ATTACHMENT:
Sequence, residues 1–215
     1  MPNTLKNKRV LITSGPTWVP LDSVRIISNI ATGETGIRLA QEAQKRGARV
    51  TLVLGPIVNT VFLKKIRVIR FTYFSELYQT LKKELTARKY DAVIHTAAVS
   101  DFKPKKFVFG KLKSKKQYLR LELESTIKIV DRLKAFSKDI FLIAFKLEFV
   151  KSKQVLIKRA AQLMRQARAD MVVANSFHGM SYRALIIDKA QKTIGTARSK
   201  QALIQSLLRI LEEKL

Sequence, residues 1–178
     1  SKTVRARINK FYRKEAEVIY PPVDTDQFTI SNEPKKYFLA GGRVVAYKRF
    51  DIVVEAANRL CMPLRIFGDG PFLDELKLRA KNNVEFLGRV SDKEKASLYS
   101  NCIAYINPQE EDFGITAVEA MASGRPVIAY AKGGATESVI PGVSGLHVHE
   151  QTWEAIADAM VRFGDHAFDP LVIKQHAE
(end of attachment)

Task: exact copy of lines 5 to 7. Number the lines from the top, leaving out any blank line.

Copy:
   151  KSKQVLIKRA AQLMRQARAD MVVANSFHGM SYRALIIDKA QKTIGTARSK
   201  QALIQSLLRI LEEKL

Sequence, residues 1–178